Balloon Angioplasty for Pulmonary Vascular Disease
Pulmonary Vascular Disease Specialists Add Balloon Angioplasty as a Treatment Option for Patients Not Eligible for Surgery
Percutaneous balloon angioplasty joins surgical thromboendarterectomy and acute embolectomy in the arsenal of therapies offered at the Brigham and Women’s Hospital Heart & Vascular Center that aim at revascularizing pulmonary vessels to improve ventilation, flow balance, and right-ventricular function.
“Balloon angioplasty may be a valuable option for clearing vascular obstruction in patients who are not candidates for surgical thromboendarterectomy and those who have had a less-than optimal outcome from surgical intervention,” said Aaron Waxman, MD, PhD, Director of the Pulmonary Vascular Disease Program.
“While the surgical approach can effectively clear obstructions in the larger proximal pulmonary vessels, balloon angioplasty is capable of reaching and restoring blood flow in the narrower, more distal vessels,” he explained. “The goal is to intervene in smaller more distal vessels to maximize downstream blood flow.”
“Often, there are several vessels to treat,” said Dr. Waxman. “A less-invasive option, like balloon angioplasty, allows us to take a staged approach, treating five to eight vessels at a time during several procedures. Strategies to reduce reperfusion injury have led to patients feeling better typically much sooner after the procedure than after cardiopulmonary bypass and surgical endarterectomy."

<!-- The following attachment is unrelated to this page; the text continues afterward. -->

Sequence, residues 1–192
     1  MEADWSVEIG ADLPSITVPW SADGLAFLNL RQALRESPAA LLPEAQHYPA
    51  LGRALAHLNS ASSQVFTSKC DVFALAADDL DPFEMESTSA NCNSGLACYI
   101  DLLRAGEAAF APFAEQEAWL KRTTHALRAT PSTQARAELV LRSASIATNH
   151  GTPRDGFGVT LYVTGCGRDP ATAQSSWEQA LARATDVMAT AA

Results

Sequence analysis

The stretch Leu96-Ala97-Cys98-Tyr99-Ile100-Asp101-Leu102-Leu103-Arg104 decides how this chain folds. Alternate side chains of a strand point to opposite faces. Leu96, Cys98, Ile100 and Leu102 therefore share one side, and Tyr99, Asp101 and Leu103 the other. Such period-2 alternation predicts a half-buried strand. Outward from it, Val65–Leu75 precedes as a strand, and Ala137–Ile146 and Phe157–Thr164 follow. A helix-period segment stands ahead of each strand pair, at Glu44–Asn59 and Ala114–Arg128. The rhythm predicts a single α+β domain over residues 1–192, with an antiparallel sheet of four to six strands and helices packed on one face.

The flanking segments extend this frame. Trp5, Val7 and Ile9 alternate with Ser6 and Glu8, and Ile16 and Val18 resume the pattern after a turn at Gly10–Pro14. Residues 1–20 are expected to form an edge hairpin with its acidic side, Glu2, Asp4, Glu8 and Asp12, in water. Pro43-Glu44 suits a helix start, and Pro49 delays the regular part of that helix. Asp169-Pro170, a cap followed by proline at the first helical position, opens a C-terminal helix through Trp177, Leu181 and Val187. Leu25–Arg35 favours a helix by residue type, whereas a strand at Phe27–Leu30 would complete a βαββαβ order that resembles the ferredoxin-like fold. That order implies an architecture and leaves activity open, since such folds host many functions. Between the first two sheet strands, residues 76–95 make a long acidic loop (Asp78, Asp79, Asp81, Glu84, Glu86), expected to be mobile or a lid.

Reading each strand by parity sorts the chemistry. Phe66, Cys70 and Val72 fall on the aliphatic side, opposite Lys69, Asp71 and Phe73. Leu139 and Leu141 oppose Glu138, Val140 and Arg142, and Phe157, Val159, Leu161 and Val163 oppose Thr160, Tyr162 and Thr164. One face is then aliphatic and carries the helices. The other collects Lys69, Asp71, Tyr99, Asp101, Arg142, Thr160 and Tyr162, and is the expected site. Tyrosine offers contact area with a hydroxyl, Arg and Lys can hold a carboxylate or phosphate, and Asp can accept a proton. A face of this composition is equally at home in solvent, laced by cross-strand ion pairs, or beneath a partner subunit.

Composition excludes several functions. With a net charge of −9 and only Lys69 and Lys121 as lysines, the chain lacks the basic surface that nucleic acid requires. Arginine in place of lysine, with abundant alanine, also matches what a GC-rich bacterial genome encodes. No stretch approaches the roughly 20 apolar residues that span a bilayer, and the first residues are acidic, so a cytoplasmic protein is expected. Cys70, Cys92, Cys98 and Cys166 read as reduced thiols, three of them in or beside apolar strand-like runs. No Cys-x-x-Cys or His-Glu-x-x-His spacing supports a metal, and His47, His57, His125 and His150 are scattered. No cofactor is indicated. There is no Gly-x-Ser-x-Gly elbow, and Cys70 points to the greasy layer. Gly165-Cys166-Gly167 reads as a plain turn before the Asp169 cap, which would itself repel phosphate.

Balloon angioplasty for pulmonary lesions is considered by some experts to be a less complete solution than thromboendarterectomy and, in some ways, it is. After surgical intervention, many patients will no longer need medical therapy, which is not often the case after angioplasty.
“Balloon angioplasty is not intended to replace thromboendarterectomy,” explained Michael J. Landzberg, MD, Director, Boston Adult Congenital Heart (BACH) and Pulmonary Hypertension Group. “It rounds out the full arsenal of pulmonary vascular disease therapies, making the Heart & Vascular Center prepared to treat all aspects of pulmonary artery disease, whether a patient needs revascularization of proximal or distal vessels or an emergency embolectomy.”
“Balloon angioplasty may also have potential as a bridge therapy to prepare complex patients for surgical intervention or as part of a hybrid surgery-angioplasty approach in patients with complex disease,” said Dr. Landzberg.
Aaron Waxman, MD, PhD, Director, Pulmonary Vascular Disease Program
Michael J. Landzberg, MD, Director, Boston Adult Congenital Heart (BACH) and Pulmonary Hypertension Group